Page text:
Monday, February 20, 2012
New York - Op-Ed: A Vindication Of Chassidim With Conviction Of Eternal Judaism
New York - The Silent Majority has once again been caught off-guard and come under attack; we dare not remain silent in the face of our new challenger - Deborah Feldman, a formerly Chassidic, young woman who left Judaism and wrote her memoir “Unorthodox: The Scandalous Rejection of my Hasidic Roots” (Simon and Schuster).
After reading recent newspaper articles and viewing televised interviews of her, I could not allow this tremendous Chillul Hashem to take place without attempting to take a stand against it. I confronted her at her book reading debut last week (2/15/2012, 6pm at the Corner Book Store, 1313 Madison Avenue, NYC) and in the presence of a reporter who recorded me, explained that while she undoubtedly suffered a traumatic childhood, adolescence, and marriage, her experience does not authorize her to disparage Torah and Mitzvohs, nor does she represent the entire gamut of Chassidim. After reading her book, with a heavy heart, I write this article—based on my experience counseling Chassidic youth at risk and my journey earning a law degree while remaining committed to Torah and Mitzvohs.
As I watched in disbelief, as Feldman disparaged Torah observance on the Barbara Walters Show, and observed her interact artificially with people at the bookstore, I was convinced that not only did she have literary aptitude but that she had theatrical skill as well. How else could she deceive so many people by distorting our values and making a mockery of us? In her book she writes of an incident when she feigned seeing a mouse in class, causing her classmates to shriek in horror. She writes “What an actress I am. A white face and trembling hands to go with my scream. To think what I can do with a skill such as this – the ability to convince others of emotions I don’t really feel! It is a thrilling thought.” (pg 23).
The vast majority of Chassidim are moral, religious, Torah observant Jews who traditionally and proudly raise children to be Torah observant and defer to altruistic and pious leaders in personal and communal matters. Chassidic children have classically been imbued with love and respect for G-D, their parents, and Rebbe. How and why could Feldman scandalously turn her back on her family, community and religion? We must comprehend why she attacks the fundamental principles of our faith with vengeance and thrill, rebut and counter her arguments with conviction, and pray that she finds her way back.
Since founding B’Derech in 2008, the organization advocating for Chassidic youth, I have counseled countless of challenged adolescents and adults struggling in their observance of Judaism. Children raised in dysfunctional homes typically misconstrue religion as the source of their pain; and in the case of a dysfunctional Chassidic family, the child will rebel and blame the Rebbe and Chassidism as the basis for his anguish. Feldman relates that she was “abandoned by a mother who left the faith, to become a Lesbian, and a father who was mentally disabled.” Her family was sadly dysfunctional, leaving her bereft of maternal love and devoid of paternal guidance – surely, the abuse and neglect left Feldman deeply hurt and scarred. She writes, “I feel unloved. By my parents, yes, and by the people who reject me for being their offspring, and by my aunts and cousins who look down at me because I’m evidence of a familial scandal, but mostly I feel unloved by G-D, who surely put me here and forgot about me. Without G-D’s love, what chance do I have at happiness?” (pg 97).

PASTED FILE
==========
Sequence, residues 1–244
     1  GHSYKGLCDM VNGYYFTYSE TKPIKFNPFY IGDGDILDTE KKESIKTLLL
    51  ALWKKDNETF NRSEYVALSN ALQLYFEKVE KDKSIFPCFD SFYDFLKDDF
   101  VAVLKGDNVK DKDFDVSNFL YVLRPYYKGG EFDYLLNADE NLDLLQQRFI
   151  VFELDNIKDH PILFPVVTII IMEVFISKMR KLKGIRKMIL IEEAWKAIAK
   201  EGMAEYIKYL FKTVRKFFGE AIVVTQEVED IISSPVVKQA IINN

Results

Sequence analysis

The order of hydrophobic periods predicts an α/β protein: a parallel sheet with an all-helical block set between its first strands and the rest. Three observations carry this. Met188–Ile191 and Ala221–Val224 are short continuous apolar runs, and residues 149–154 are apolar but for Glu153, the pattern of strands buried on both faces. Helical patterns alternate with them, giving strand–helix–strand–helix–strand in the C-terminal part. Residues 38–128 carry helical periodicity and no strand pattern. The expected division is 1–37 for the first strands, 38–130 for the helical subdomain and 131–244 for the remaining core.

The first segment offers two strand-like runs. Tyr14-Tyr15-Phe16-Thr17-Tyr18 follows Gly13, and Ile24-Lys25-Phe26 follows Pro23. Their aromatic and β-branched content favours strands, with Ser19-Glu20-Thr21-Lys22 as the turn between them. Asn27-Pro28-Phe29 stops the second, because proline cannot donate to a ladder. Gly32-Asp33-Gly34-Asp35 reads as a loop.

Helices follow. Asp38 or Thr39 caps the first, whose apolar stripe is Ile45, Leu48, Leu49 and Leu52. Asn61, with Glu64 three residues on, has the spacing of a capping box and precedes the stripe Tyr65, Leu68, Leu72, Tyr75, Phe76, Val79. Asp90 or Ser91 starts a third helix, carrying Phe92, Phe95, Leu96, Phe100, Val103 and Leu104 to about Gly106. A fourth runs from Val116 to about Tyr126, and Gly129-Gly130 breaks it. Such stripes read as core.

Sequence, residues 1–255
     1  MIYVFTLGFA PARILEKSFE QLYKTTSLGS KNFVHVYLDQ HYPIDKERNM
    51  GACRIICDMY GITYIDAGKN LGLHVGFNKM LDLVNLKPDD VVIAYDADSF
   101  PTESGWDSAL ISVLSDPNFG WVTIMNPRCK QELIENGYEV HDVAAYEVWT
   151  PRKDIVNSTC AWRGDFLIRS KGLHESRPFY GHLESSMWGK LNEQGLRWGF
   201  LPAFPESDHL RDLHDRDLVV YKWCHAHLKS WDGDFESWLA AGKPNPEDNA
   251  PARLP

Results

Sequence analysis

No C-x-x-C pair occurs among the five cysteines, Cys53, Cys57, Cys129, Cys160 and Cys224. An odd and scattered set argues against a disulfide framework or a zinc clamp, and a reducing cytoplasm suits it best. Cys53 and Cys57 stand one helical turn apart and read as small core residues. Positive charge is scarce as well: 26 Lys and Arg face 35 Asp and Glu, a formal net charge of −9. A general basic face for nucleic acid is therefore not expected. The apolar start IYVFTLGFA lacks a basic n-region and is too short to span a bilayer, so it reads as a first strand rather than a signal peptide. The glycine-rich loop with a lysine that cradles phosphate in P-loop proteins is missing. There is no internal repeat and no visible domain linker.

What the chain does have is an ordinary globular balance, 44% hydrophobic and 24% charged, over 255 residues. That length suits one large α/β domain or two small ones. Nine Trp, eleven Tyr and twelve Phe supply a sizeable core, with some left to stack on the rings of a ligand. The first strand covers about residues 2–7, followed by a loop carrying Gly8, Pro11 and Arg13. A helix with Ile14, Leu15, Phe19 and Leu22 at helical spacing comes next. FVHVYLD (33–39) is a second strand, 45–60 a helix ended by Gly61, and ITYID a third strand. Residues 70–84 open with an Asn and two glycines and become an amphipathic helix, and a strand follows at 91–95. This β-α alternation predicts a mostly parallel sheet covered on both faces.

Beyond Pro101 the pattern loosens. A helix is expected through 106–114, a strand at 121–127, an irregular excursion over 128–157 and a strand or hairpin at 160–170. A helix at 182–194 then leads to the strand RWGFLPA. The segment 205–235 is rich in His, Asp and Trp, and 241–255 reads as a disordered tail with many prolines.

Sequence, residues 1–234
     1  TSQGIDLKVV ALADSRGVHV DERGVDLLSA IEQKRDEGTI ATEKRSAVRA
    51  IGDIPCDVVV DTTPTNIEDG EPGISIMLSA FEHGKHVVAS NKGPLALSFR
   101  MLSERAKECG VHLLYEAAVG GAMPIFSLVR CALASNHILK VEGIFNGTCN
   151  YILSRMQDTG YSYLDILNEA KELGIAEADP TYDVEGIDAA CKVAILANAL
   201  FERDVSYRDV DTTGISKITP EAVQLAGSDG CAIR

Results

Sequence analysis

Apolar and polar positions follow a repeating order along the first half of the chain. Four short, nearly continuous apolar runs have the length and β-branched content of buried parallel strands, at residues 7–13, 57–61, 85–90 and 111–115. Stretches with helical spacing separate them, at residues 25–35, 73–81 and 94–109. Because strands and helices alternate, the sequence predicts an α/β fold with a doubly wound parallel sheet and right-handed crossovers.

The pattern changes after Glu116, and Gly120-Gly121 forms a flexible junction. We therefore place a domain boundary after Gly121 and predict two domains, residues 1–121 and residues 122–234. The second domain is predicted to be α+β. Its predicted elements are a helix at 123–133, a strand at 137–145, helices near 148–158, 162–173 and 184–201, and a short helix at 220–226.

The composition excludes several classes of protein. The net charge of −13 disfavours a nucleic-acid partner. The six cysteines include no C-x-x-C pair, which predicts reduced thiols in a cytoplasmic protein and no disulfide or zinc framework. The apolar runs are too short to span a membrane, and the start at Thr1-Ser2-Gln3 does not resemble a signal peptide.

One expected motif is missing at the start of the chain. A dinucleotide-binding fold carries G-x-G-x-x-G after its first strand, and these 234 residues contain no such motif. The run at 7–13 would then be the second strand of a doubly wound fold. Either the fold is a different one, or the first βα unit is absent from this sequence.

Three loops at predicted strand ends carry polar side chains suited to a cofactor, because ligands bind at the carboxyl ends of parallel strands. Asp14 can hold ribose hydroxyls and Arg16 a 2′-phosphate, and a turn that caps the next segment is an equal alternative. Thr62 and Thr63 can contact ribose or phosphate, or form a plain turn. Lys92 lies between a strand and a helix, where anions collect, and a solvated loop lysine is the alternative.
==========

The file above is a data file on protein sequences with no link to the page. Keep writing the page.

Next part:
Faranak Margolese conducted extensive research on why people leave Judaism. In her book Off the Derech, she accurately concludes “Sadly, most formerly observant Jews today seem to have left, not because the outside world pulled them in, but rather because the observant one pushed them out. They experienced Judaism as a source of pain rather than joy… So they were not running to the outside world as much as they were running away from our own (Devora Publishing, 2005).
Using the theory of inductive reasoning, Feldman invokes her personal tragic childhood and failed marriage (which certainly deepened her pain) to disparage the fundamental principles of the Jewish religion observed by religious Jews for more than three thousand years. These Mitzvohs have been passed by Mesorah – our heritage of an unbroken chain which began at Mount Sinai and continued from generation to generation, and will outlive Feldman and her cohorts and supporters dedicated to leading challenged Chassidim astray.